When you’ve lived through a marriage and made the tough decision to part ways with your spouse, there will be heartache. But with time and hindsight also comes wisdom. Read on to learn what these candid divorcées learned about marriage, having been there and done that. (For no-nonsense relationship advice, easy-to-follow weight loss tips, and more, sign up for Prevention’s FREE email newsletters!)
Finding a new partner won’t necessarily make you any happier.
“Neither of you is perfect. Once you’ve decided to be committed to one another, whatever bumps in the road come along, hang in there and work it out. The grass isn’t greener on the other side of the fence. Those folks just decided to put the work into their relationship, and you can do the same.”
Loving your spouse might feel like work sometimes. And that’s OK.
“The reality in marriage is that sometimes you won’t feel love toward your spouse, especially when you hit the rough patches. Those times can pull you closer together or drive you apart. Love is a choice, it’s not a feeling. During your marriage there will be days when you have to intentionally love your spouse.”
Don’t forget your vows.
“A marriage is a living entity. It is a union of two individuals who have decided to walk life’s path side by side. Your vows, promises, and commitments should guide your own thoughts and behaviors and be part of your daily conversations with one another even in the smallest of ways. Write down your vows—frame those words and hang them prominently where you will see them daily. Hold each other accountable.” (Take a look at these 7 signs you’re with the right person, according to people married for 30+ years.)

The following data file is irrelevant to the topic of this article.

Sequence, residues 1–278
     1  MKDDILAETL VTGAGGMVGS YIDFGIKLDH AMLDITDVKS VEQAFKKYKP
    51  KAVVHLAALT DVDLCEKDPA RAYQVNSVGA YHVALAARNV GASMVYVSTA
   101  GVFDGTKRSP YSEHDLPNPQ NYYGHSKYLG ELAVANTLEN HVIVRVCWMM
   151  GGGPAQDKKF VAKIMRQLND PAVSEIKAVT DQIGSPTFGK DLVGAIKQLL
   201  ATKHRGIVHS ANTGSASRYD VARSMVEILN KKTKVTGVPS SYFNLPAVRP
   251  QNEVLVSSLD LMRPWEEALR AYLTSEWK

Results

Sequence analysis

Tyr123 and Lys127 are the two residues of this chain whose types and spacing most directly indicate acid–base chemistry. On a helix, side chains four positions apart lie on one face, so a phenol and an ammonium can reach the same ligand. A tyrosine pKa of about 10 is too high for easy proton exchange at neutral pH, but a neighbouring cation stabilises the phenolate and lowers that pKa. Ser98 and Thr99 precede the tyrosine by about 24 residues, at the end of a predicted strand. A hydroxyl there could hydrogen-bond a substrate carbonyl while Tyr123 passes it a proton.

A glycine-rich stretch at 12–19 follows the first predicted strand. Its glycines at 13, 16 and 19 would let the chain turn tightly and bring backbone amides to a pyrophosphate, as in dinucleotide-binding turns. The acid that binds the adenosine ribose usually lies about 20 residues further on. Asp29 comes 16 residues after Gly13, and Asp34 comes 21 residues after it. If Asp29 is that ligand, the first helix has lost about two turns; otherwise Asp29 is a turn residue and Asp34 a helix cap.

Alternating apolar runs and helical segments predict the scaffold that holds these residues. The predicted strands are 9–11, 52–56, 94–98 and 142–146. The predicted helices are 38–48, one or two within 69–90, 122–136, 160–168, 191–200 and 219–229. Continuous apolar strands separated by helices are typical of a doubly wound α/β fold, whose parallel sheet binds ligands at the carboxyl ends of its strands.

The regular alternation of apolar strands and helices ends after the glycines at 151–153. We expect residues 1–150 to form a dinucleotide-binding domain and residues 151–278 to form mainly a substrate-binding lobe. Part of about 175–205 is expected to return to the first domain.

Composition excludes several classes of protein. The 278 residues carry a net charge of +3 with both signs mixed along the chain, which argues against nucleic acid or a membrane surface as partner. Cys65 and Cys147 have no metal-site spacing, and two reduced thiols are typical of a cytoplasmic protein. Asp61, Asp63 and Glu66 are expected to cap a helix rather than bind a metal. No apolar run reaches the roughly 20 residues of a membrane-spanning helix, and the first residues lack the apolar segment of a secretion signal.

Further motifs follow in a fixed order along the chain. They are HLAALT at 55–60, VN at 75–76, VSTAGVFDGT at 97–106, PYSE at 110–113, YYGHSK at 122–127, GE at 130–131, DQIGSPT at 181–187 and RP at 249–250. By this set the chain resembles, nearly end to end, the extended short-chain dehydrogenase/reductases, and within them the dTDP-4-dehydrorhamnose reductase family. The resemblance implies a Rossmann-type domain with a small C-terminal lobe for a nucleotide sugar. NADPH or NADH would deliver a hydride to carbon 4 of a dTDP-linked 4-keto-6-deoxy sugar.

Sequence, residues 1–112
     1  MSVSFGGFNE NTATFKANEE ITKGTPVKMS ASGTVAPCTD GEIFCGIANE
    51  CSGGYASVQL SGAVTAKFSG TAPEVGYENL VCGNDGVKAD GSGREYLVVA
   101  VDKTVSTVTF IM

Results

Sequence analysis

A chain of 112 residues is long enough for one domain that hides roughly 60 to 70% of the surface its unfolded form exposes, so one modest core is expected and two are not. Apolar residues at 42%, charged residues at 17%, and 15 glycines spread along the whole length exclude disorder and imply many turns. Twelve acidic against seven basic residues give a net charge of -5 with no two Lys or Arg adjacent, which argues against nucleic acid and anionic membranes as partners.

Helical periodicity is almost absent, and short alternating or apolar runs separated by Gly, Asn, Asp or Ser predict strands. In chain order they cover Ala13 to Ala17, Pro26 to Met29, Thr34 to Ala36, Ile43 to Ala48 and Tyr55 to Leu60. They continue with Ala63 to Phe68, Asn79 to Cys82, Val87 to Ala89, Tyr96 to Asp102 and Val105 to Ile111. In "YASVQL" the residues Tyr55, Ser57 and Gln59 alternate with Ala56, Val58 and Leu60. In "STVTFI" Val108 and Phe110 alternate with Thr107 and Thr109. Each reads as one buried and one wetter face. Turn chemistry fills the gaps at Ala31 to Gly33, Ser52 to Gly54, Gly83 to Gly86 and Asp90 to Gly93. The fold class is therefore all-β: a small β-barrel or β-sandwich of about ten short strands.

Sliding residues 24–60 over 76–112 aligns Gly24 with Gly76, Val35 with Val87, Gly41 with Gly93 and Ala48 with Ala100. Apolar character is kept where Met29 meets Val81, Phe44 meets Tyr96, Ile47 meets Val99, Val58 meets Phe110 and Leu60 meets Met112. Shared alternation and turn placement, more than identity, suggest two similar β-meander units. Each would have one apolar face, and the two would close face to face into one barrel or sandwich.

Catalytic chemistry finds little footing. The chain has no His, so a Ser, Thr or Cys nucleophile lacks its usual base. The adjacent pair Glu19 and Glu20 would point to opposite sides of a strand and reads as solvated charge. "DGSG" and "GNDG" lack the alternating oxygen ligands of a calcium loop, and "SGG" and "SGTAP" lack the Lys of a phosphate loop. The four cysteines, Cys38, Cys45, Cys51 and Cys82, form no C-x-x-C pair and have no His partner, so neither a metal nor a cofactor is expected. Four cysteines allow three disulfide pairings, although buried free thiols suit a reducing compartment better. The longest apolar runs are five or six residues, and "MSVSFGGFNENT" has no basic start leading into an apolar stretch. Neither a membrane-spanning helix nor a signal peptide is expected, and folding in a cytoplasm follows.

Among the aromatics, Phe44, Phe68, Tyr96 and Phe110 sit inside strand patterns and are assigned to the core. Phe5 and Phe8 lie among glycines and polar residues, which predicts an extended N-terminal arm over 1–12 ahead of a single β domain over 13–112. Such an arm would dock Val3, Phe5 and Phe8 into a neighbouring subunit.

Don’t get lost in your relationship.
“By caring for yourself, you are more able to take care of others. Make time for yourself so you don’t get lost in the marriage and eventually become resentful. Keep your identity, develop and nurture your own interests, connect with your girlfriends, take time to tend to your spirit and soul.”
Infidelity doesn’t have to spell the end.
“Individual needs change over time which will cause many to look outside the marriage for fulfillment, both sexually and emotionally. Therefore, the likelihood of infidelity is a real possibility. However, it doesn’t necessarily have to spell the end of the marriage if the two still love each other. Infidelity can act as a catalyst to open the lines of communication.” (Here are 4 ways to overcome infidelity, from Prevention Premium.)
Marriage doesn’t fix anything.
“If you don’t know what you want your life to look like when you’re single, you won’t magically figure it out when you’re married.”
There’s a lot your spouse can’t give you.
“You cannot look to your spouse to complete you. You must complete yourself.”
Strive to be equals.
“You don’t have to lose yourself to your partner to be a good spouse. The best marriages are partnerships where each spouse is equal; their careers are equally important, their thoughts are equally heard, their opinions equally valued.”
Nothing is ever just your partner’s fault.
“Take full responsibility for what is going on in your marriage. Just telling your partner to change rarely works. Change yourself and you will change how your spouse reacts to you. And you will grow as a person.”
If you want a career, follow your instincts.
“I have seen many people, usually women, who have elected to be homemakers, a valuable contribution, then find themselves at a distinct disadvantage during and after divorce proceedings. I advise people to continue their education and at least part-time employment so that in case of a divorce they are better able to move into a position of financial independence.”